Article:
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GS breaks ground on Hill Convocation Center
New university arena targets Spring 2024 opening
Illustration Courtesy LS3P AECOM An illustration shows what will be the main entrance to the Jack and Ruth Ann Hill Convocation Center on the South Campus of Georgia Southern University when it is complete in Spring 2024.
An illustration shows what will be the main entrance to the Jack and Ruth Ann Hill Convocation Center on the South Campus of Georgia Southern University when it is complete in Spring 2024. (Illustration Courtesy LS3P AECOM)

Georgia Southern held a groundbreaking ceremony Thursday for the 95,000-square-foot Jack and Ruth Ann Hill Convocation Center.

The center is named in honor of the late Senator Jack Hill and his wife of 46 years, Ruth Ann Hill. Both are Georgia Southern graduates.

The Jack and Ruth Ann Hill Convocation Center, serving as the signature building on Georgia Southern’s south campus in Statesboro, will be the largest event venue space between Savannah and Macon.

It will be built on the southwest side of the intersection of Lanier Drive and Veterans Memorial Parkway – the Highway 301 bypass.

Speakers at Thursday’s groundbreaking included university President Dr. Kyle Marrero, University System of Georgia Chancellor Sonny Perdue and Lance Hill, who represented the Hill family.

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Georgia Senate Majority Leader Jon Burns shares recollections of working with the late Senator Jack Hill during a groundbreaking ceremony for the Jack and Ruth Ann Hill Convocation Center on Thursday, May 26. (Statesboro Herald photo/Scott Bryant)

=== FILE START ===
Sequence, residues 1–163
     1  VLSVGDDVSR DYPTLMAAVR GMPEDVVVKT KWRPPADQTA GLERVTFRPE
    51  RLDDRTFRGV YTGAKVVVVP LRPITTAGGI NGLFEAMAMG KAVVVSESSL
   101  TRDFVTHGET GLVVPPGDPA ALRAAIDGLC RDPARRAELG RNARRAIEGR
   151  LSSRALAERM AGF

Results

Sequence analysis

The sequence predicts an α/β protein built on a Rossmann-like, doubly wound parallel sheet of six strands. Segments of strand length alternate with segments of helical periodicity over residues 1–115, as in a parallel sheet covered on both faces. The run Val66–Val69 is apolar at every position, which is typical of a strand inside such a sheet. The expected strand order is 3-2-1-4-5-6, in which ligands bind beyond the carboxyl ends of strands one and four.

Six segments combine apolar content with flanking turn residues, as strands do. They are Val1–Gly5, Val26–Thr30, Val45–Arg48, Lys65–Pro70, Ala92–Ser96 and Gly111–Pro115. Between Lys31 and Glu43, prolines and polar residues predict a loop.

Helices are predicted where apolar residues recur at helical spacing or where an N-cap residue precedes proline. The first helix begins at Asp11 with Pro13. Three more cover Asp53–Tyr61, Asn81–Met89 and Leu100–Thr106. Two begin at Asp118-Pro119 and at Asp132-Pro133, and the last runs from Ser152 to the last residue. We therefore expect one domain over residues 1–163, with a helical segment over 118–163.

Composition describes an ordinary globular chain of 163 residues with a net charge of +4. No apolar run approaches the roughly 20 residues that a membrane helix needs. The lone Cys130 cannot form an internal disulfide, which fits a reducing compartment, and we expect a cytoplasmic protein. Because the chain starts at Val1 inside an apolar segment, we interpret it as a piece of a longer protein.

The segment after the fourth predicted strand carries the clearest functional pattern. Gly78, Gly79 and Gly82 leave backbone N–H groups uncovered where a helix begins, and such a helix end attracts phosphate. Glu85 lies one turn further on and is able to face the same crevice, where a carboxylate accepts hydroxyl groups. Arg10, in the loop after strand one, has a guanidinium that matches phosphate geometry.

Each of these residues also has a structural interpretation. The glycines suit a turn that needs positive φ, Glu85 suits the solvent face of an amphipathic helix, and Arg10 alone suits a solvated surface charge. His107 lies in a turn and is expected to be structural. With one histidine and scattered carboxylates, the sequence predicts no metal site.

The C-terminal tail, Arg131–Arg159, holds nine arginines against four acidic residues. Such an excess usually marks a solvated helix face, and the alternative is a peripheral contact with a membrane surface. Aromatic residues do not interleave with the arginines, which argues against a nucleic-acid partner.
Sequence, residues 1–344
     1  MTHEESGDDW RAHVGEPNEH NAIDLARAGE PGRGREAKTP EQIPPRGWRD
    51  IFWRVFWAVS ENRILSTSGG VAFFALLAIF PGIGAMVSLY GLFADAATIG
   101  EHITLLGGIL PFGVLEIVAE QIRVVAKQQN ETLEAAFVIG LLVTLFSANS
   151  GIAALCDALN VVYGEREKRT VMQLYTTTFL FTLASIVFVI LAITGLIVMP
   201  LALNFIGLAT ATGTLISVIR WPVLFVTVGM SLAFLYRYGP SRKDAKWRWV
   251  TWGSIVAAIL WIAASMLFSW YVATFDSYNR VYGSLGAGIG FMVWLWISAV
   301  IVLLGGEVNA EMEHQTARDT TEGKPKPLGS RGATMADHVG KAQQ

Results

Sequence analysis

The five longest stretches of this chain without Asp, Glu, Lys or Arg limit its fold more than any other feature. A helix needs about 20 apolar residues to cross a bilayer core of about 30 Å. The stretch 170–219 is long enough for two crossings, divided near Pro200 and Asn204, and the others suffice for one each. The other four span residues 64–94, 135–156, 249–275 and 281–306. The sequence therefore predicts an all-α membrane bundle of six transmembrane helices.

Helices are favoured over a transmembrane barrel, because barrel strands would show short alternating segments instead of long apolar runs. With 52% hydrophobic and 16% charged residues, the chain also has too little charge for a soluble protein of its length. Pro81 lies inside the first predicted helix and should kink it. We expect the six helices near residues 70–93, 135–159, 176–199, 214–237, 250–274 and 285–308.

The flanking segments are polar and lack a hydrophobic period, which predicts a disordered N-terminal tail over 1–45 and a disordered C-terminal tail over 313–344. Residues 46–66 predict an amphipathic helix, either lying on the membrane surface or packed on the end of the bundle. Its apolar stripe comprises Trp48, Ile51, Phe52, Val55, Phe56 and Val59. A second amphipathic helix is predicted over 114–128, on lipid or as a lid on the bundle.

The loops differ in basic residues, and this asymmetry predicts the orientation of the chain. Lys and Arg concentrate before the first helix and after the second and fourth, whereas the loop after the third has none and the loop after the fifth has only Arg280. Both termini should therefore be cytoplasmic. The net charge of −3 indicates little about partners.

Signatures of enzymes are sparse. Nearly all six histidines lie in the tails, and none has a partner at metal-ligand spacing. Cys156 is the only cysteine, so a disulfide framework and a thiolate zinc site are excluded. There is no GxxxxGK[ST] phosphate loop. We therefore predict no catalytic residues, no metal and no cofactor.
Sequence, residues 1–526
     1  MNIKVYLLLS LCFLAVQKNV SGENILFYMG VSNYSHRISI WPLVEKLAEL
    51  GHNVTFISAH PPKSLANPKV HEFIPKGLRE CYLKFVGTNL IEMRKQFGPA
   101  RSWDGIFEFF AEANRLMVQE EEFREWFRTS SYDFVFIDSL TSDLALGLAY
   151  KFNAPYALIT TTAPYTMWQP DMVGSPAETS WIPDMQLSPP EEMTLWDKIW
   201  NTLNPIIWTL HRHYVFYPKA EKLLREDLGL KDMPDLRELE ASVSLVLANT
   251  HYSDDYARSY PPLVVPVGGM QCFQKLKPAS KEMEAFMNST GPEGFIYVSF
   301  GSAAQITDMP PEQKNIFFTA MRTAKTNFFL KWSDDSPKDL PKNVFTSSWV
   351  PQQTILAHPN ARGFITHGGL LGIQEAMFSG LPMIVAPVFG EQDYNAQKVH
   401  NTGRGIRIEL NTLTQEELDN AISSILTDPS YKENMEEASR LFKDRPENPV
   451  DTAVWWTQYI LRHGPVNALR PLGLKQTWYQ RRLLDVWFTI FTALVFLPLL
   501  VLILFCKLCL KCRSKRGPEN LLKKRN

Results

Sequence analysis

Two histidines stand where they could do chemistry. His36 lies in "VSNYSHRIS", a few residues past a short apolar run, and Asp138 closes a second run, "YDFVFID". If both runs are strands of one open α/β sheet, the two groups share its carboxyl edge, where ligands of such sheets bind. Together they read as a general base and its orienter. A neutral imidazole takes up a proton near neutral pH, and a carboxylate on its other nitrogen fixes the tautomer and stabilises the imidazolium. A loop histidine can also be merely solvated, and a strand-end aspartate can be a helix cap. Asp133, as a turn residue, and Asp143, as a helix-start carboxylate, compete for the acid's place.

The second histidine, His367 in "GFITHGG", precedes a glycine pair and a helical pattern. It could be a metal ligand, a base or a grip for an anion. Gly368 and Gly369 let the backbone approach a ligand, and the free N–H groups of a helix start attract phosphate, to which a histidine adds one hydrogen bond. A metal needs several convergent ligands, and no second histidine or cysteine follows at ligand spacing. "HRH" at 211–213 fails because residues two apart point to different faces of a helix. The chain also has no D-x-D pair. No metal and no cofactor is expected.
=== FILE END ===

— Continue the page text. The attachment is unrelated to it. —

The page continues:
Some site work is underway, but construction will not begin in earnest until this fall with a construction completion target of Spring 2024.

Total construction cost is estimated at just more than $50 million, while the total project budget is set at $64.46 million. Funding for the project comes from a combination of state and privately raised funds.

For convocations, graduation ceremonies and other events that use the floor, the center occupancy tops out at almost 5,900. For athletic events and basketball games, the center will seat approximately 5,500 spectators. 

According to a Georgia Southern release, the center will be a multi-story complex that fills two vital University needs: 

1.) Approximately 7,000 square feet of additional instructional space for the Waters College of Health Professions, specifically for the sports and exercise psychology and sports management programs. 

2.) A multipurpose arena that can be utilized for large-scale events such as commencement ceremonies, speakers, concerts, job fairs and other university and community assemblies. The arena will be the new home court for Georgia Southern Eagles NCAA basketball games.

The academic space expansion is needed to keep up with enrollment in the Waters College of Health Professions, which has gone from 5,085 in 2018 to 5,656 in 2021, and to support Georgia Southern’s commitment to expand its nursing cohort by 30% over the next five years.

The building is named for Jack Hill, who graduated from Georgia Southern in 1966. He was the longest-serving Georgia senator when he died in April 2020. He was a senator for 30 years, serving as chairman of several crucial committees, including Appropriations, which has broad jurisdiction over legislation involving budgeting and spending state and federal funds.

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Dignitaries and guests participate in a ceremonial groundbreaking for the Jack and Ruth Ann Hill Convocation Center on Thursday, May 26. (Statesboro Herald photo/Scott Bryant)

With Hill’s support, Georgia Southern reached new heights as an institution serving the southeast region and the state of Georgia. Hill was instrumental in helping the university expand its programs and build several new state-of-the-art facilities, including the Engineering and Research Building, which opened for classes in January 2021.

His wife of 48 years, Ruth Ann, focused her life on public education and retired as principal of Reidsville Elementary School. She was a triple Eagle, earning degrees from Georgia Southern in 1973, 1990 and 1991.

 

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